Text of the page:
We try to continuously improve the efficiency of our freighters, including the MD-11F, through additional technical measures, such as fan blade recontouring. Fan blades are subject to severe wear and tear during flight, leading to a loss of thrust and drop in performance. This procedure can restore the contour of the engine’s fan blades, reducing emissions and kerosene consumption while extending the life span of the parts.
A fleet of modern and environmentally friendly aircraft is not the only step we have taken to cut kerosene consumption and emissions. Our pilots have developed more than 50 measures as part of our “Fuel Efficiency” project.
The systematic search for shorter flying routes, known as “directs,” is one example of an option that could save up to 1,000 tons of kerosene a year. Furthermore, an additional turning point for the alternative airport Hahn was set up in cooperation with Deutsche Flugsicherung (DFS), reducing the amount of kerosene that aircraft need to transport with them on approach to Frankfurt and saving an additional 950 tons of kerosene a year.
Aircraft loading processes (weight and balance) and our loading equipment are also subject to constant improvement. Ultimately, uneven weight distribution in the cargo hold and transportation of unnecessary kilos increases fuel consumption. One example of our improvements in this direction is the AKH Lightweight-Container. Following a joint test phase with our subsidiary Jettainer, all standard containers were replaced with Lightweight-Containers by 2014. The plastic materials used make these containers approximately 13 kg lighter, saving 2,100 tons of kerosene and 6,800 tons of CO2 annually.
We are currently developing light versions of other standard containers and pallets, aiming to exchange all loading materials by 2020. By clearing out our MD-11 Freighters, we have also found a way to save an additional 450 tons of CO2 a year. Each aircraft now weighs 70 kg less thanks to the removal of loose objects, such as flashlights, cockpit documents and curtains.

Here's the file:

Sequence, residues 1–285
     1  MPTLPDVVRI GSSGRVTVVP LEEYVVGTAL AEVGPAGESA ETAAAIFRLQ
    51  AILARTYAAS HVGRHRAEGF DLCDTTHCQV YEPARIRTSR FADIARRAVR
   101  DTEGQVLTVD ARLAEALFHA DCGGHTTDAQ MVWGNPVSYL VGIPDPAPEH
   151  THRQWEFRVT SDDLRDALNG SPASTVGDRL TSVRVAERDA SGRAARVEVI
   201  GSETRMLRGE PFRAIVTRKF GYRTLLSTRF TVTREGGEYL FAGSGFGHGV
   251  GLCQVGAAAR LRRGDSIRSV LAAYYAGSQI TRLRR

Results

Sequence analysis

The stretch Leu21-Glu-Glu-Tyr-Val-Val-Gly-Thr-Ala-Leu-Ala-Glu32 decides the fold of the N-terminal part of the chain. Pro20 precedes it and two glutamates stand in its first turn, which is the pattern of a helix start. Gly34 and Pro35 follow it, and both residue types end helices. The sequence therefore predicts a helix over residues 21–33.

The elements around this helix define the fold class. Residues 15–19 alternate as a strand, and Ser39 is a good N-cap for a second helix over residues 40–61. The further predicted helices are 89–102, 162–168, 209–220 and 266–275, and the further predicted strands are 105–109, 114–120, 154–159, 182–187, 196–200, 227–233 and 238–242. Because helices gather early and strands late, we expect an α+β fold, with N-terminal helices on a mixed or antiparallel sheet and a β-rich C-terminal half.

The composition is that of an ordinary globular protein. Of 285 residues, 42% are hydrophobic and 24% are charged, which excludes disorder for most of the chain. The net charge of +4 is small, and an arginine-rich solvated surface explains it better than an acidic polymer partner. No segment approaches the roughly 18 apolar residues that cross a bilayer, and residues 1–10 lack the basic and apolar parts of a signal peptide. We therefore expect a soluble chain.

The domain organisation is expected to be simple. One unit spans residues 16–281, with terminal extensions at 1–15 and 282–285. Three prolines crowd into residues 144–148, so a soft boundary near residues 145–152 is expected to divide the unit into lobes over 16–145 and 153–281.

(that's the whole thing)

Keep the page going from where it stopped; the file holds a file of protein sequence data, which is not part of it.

Intelligently connecting different modes of transport is another pioneering approach. We are a link in the entire supply chain and want to achieve mobility through partnership rather than competition. For example, we are shifting Road Feeder Services from trucks to rail or sea transport.
In addition to our operational measures in the air, we are also committed to environmental sustainability on the ground, where we have been able to cut energy consumption by 50 percent by replacing all light sources in one of our cargo warehouses, or by using electric forklifts and our recycling facilities to balance our environmental performance on the ground.
We are actively working on the IATA initiative aimed at digitalizing the up to 30 different paper documents needed for an air freight shipment (eFreight). We successfully implemented the electronic air waybill (eAWB) in 2015. Today, one-third of all Lufthansa Cargo shipments are transported without a paper eAWB. Simply digitalizing one cargo document makes it possible to save around 225 tons of CO2 a year thanks to the reduction in weight on board Lufthansa Cargo’s aircraft.
Lufthsana Cargo is indirectly responsible for tasks in the field of infrastructure, which includes the more efficient use of airspace and adapting airport infrastructure to meet demands.
To enable more direct flights and more efficient air traffic control, airspace over Europe is being restructured as part of the Single European Sky (SES) project, in which the Lufthansa Group is playing a supporting and proactive role. For more information, please refer to the Lufthansa policy briefs on SES.
Adapting airport infrastructure to meet demands is the responsibility of the airport operator. Lufthansa Cargo also maintains regular dialogue with airport operators on this subject.
The UN’s International Civil Aviation Organization (ICAO) decided in October 2013 to develop a globally valid system of climate levies. A resolution on their introduction is scheduled for October 2016. For Lufthansa Cargo, this economic incentive system is an important addition to the company’s environmental pillars mentioned earlier.
For more information, please refer to the Lufthansa policy brief.